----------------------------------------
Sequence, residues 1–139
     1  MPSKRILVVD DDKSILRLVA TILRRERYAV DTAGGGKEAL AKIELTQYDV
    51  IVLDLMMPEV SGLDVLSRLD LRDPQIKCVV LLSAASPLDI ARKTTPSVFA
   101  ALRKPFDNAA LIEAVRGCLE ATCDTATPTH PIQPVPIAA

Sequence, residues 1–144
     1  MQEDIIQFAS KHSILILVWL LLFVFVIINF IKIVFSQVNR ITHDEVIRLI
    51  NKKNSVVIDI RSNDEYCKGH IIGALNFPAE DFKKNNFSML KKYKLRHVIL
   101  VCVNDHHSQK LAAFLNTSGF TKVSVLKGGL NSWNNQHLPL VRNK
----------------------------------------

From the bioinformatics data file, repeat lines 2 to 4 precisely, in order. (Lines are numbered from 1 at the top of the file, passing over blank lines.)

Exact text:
     1  MPSKRILVVD DDKSILRLVA TILRRERYAV DTAGGGKEAL AKIELTQYDV
    51  IVLDLMMPEV SGLDVLSRLD LRDPQIKCVV LLSAASPLDI ARKTTPSVFA
   101  ALRKPFDNAA LIEAVRGCLE ATCDTATPTH PIQPVPIAA